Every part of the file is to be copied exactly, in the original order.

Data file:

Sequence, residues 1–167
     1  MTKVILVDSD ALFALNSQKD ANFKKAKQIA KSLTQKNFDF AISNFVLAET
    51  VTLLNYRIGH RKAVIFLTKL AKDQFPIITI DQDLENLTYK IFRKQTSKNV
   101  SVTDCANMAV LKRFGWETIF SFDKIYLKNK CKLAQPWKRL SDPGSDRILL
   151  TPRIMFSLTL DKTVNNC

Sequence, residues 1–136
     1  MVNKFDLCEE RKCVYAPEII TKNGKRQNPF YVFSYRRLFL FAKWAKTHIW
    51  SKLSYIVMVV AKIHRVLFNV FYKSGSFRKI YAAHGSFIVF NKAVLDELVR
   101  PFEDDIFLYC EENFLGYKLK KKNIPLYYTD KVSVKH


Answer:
Sequence, residues 1–167
     1  MTKVILVDSD ALFALNSQKD ANFKKAKQIA KSLTQKNFDF AISNFVLAET
    51  VTLLNYRIGH RKAVIFLTKL AKDQFPIITI DQDLENLTYK IFRKQTSKNV
   101  SVTDCANMAV LKRFGWETIF SFDKIYLKNK CKLAQPWKRL SDPGSDRILL
   151  TPRIMFSLTL DKTVNNC

Sequence, residues 1–136
     1  MVNKFDLCEE RKCVYAPEII TKNGKRQNPF YVFSYRRLFL FAKWAKTHIW
    51  SKLSYIVMVV AKIHRVLFNV FYKSGSFRKI YAAHGSFIVF NKAVLDELVR
   101  PFEDDIFLYC EENFLGYKLK KKNIPLYYTD KVSVKH